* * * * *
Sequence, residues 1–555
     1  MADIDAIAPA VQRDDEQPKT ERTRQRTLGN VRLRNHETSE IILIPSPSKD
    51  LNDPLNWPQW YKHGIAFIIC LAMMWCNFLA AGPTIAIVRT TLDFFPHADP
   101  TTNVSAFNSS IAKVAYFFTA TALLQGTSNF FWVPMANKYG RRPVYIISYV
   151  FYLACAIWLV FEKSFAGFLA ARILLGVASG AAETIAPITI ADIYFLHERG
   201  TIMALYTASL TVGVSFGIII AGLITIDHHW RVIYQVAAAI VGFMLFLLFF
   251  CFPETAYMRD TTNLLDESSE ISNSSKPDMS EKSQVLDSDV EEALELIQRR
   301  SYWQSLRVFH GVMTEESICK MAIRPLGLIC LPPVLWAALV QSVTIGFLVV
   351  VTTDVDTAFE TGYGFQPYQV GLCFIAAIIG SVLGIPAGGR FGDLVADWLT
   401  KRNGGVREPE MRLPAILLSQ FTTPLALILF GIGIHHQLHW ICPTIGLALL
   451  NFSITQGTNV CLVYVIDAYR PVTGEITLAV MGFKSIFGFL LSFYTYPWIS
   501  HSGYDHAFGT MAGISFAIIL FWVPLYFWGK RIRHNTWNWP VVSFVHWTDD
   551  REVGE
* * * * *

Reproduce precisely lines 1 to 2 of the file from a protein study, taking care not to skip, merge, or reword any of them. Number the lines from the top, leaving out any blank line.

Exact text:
Sequence, residues 1–555
     1  MADIDAIAPA VQRDDEQPKT ERTRQRTLGN VRLRNHETSE IILIPSPSKD